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Between the Lines: Nine Principles to Live By Hardcover – Bargain Price, September 13, 2001

4.6 out of 5 stars 5 customer reviews

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Hardcover, Bargain Price, September 13, 2001
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Editorial Reviews

From Publishers Weekly

Hershiser, one-time acclaimed pitcher for the Los Angeles Dodgers (and a few other teams), seems to have led a charmed life: he pitched 58 consecutive scoreless innings in 1988, won the Cy Young Award and was the World Series MVP, all in the same year. However, as Hershiser readily admits, his early career was not as promising. He was cut from his first teams and played in the minors for several years before moving up. Yet faith, determination and some crucial values helped keep his career on track. Writing in a casual but convincing tone, he shares his guiding principles for everyday life: believe your coaches, love your family, pursue excellence and balance, among others. After one frenzied afternoon at an airport when Hershiser and his family were literally trapped by fans, he faced the fact that "because we were famous, we were going to be recognized and interrupted.... Jamie and I set boundaries. We learned to say no without feeling guilty. And we stayed involved in our church." While the extremes of Hershiser's experience may not correspond to the lives of most readers, his basic advice is sound and applicable. And though his words may not be unique, they will ring true for many. (Sept.)Forecast: Hershiser's reputation in tandem with the publisher's planned five-city tour and extensive national advertising should make this a winner as soon as books hit the stores.n

Copyright 2001 Cahners Business Information, Inc.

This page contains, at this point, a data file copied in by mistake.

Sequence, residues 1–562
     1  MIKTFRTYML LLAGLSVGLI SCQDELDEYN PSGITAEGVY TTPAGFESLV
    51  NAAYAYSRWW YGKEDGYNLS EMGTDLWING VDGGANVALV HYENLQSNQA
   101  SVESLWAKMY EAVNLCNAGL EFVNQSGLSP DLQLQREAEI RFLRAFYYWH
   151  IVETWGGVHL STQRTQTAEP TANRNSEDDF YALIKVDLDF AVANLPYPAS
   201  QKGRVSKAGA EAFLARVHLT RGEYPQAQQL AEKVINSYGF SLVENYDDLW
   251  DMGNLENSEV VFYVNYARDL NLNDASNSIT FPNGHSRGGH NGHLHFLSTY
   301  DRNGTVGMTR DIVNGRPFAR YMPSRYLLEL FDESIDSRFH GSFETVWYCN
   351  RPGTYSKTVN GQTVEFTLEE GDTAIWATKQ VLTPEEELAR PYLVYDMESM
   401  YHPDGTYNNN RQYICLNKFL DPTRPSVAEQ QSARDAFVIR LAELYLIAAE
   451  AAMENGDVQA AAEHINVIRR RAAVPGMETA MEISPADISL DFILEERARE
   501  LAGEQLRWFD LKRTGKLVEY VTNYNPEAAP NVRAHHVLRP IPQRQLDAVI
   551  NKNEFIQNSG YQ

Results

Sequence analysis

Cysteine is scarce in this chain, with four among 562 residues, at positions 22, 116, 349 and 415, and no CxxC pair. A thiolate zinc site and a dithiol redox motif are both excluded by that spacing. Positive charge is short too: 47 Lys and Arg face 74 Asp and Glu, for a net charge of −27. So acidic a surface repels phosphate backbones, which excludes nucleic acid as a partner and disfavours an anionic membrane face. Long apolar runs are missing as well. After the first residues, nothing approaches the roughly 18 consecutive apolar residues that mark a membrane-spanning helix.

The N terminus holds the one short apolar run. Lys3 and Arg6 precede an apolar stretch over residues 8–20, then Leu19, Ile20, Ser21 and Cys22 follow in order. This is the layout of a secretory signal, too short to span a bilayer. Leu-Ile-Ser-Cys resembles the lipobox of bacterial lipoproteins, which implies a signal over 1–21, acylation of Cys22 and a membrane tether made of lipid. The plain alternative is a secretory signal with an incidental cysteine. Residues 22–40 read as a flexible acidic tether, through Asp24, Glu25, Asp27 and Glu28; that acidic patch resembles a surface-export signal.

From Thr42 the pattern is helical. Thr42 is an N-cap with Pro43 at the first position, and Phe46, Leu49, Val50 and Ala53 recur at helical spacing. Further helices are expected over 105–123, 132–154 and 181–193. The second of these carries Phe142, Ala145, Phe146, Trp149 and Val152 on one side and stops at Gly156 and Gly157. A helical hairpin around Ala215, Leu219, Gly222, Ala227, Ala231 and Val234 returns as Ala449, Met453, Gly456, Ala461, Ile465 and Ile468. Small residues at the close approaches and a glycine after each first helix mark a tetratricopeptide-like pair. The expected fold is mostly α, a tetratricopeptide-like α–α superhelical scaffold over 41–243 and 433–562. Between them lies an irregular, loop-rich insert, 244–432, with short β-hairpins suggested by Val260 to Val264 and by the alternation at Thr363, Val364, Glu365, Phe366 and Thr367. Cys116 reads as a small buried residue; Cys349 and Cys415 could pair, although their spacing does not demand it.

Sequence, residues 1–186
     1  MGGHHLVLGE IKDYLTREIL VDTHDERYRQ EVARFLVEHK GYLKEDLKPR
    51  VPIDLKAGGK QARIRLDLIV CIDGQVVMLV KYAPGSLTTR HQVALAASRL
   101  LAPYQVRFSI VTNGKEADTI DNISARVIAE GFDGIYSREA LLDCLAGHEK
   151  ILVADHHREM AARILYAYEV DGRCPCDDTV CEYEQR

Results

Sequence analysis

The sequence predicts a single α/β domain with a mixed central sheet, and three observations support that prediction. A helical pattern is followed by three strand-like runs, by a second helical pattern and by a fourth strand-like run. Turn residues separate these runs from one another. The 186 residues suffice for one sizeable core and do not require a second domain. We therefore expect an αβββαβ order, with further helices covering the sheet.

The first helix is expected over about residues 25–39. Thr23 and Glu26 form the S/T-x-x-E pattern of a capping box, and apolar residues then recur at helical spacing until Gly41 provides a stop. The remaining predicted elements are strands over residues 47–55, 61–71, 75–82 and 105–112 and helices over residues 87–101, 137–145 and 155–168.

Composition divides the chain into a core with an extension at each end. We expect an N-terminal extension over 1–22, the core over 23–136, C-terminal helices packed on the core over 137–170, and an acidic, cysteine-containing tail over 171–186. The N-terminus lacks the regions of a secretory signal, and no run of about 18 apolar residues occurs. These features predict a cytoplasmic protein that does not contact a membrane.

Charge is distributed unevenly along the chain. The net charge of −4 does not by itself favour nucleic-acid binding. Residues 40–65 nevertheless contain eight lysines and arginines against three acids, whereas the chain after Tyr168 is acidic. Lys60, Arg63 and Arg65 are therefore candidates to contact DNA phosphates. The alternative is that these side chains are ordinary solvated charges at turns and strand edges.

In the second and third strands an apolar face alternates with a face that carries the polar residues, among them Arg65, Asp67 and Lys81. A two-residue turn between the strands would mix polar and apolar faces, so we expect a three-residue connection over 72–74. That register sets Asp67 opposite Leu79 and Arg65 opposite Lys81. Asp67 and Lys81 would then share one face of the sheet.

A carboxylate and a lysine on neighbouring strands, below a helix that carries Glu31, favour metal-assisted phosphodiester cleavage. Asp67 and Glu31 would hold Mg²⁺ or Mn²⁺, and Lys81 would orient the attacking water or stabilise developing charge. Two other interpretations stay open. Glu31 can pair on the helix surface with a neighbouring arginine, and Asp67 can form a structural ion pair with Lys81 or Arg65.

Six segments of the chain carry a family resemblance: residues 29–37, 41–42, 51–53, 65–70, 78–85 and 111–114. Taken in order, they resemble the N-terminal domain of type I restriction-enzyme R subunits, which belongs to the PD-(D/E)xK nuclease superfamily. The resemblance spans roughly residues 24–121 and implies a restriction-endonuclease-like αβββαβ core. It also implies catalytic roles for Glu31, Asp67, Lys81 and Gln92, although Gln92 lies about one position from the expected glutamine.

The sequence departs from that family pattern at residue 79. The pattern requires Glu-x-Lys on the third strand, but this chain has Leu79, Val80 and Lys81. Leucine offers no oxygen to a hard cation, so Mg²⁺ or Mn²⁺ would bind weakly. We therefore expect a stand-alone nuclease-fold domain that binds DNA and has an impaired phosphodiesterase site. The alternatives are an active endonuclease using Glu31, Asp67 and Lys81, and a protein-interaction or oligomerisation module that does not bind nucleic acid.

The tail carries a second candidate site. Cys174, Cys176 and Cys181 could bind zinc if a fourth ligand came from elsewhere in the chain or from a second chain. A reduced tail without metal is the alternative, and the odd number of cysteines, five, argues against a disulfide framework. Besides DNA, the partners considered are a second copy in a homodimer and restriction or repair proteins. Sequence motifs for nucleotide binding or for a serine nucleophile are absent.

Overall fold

--This text refers to an out of print or unavailable edition of this title.

From Library Journal

Hershiser's best-selling autobiography, Out of the Blue, chronicled his finest year, 1988, when he won both a Cy Young Award for best National League pitcher and a World Series Most Valuable Player trophy as he propelled the Los Angeles Dodgers to a world championship. But his subsequent years were not golden as he struggled to overcome serious arm troubles. He recently retired after pitching into his forties. In this book, he offers advice liberally sprinkled with baseball anecdotes. Despite being a ferocious competitor, Hershiser has always been known as an almost squeakily clean role model who found particular strength through his religious beliefs. The principles stressed in this book include believing in your coaches, striving for excellence, keeping a balanced outlook, and striving to love and live with gratitude. Key points and quotes are highlighted throughout the book. Hershiser has written an upbeat book of advice in the baseball-as-metaphor-for-life tradition. This is an entertaining and easy-to-read book and libraries should purchase as demand warrants. Paul Kaplan, Lake Villa Dist. Lib., IL
Copyright 2001 Reed Business Information, Inc. --This text refers to an out of print or unavailable edition of this title.
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Product Details

  • Hardcover: 240 pages
  • Publisher: Warner Faith (September 13, 2001)
  • Language: English
  • ISBN-10: 044653000X
  • ASIN: B005Q7MBEK
  • Product Dimensions: 6 x 1 x 8.5 inches
  • Shipping Weight: 1 pounds
  • Average Customer Review: 4.6 out of 5 stars  See all reviews (5 customer reviews)
  • Amazon Best Sellers Rank: #4,015,278 in Books (See Top 100 in Books)

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Top Customer Reviews

Format: Hardcover
Here's a book that in simple terms tells the reader about how overcoming the challenges in baseball are similar to those that average people encounter in life. I think that this would be a good book for young people who may be in team sports. It can help them see the greater benefit of playing sports rather than being caught up in winning and losing. Being from Los Angeles, I have a little more awe for Orel Hershier, who for a period of time was the best pitcher in the game of baseball. I hope that other mature athletes in football and basketball do books like this so that our youth can gain the full benefit of being in sports. I hope that parents buy this book for a Christmas present for the young athlete in the family.
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Format: Paperback
Orel Hershiser was one of the most dominant pitchers during the 1980's and 1990's. He won over 200 games, he posted season ERAs of 2.66. 2.03, 2.26, and 2.31, he has 13 double-digit victory seasons and he helped the Los Angeles Dodgers win the World Series in 1988. During that magical season he won the CY Young Award, the NLCS MVP and the World Series MVP. So it is safe to say that he is qualified to write a book on how to be successful in life.